“People really do have a limited attentional capacity, and most of us are not able to focus on one task for long stretches of time,” Mark said. “So it’s very important to be proactive and take a break. I like to recommend doing a simple rote activity. Rote attention is a state in which your mind is engaged but on an easy task like knitting, gardening, or playing simple games.”
Even if it feels like you should spend every spare moment preparing for the big test or presentation, a walk in the park or wandering around a quiet locale can give your brain the break it needs to return to work or your study session more refreshed. Columbia Health also writes that walking and stretching, among other tools, can aid in stress reduction. University Life has collected great well-being resources to help navigate the end of the school year as well.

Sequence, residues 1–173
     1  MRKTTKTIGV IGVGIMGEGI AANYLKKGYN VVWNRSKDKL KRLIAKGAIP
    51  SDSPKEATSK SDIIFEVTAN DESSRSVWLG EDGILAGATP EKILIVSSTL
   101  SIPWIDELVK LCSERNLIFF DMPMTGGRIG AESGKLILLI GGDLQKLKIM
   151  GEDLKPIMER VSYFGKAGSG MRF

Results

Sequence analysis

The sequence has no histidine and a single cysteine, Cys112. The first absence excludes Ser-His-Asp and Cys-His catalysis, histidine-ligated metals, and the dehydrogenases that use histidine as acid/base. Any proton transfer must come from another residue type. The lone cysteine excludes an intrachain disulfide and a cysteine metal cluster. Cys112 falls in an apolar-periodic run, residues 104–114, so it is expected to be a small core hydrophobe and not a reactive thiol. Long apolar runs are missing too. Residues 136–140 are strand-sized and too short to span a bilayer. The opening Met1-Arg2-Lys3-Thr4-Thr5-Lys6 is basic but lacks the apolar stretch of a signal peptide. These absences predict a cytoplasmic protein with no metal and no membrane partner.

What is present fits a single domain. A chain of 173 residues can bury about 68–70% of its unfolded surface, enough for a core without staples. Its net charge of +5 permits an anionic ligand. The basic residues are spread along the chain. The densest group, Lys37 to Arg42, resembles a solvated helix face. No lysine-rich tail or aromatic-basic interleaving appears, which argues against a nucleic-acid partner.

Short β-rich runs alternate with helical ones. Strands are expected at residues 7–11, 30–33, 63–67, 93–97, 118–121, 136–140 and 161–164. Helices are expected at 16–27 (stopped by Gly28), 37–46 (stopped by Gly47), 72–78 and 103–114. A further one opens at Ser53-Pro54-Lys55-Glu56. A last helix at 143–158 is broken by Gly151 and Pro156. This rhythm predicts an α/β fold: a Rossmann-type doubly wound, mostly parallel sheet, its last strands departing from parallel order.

With these ideas in mind, Columbia News has selected five quiet places nearby where you might consider taking a break during periods of high stress, perhaps with a crossword or small craft in tow, to help quiet your mind and recenter when you might need it most.
Central Park; Between 104th and 106th Streets on the East side of the park
Central Park’s most formal garden is what one of our editors calls “a winding meditative wander when it is in full bloom.” Spend some time in Conservatory Garden and let your mind wander. If you need a little mental break from within your room, you can enjoy this walking tour of the garden in full bloom on YouTube.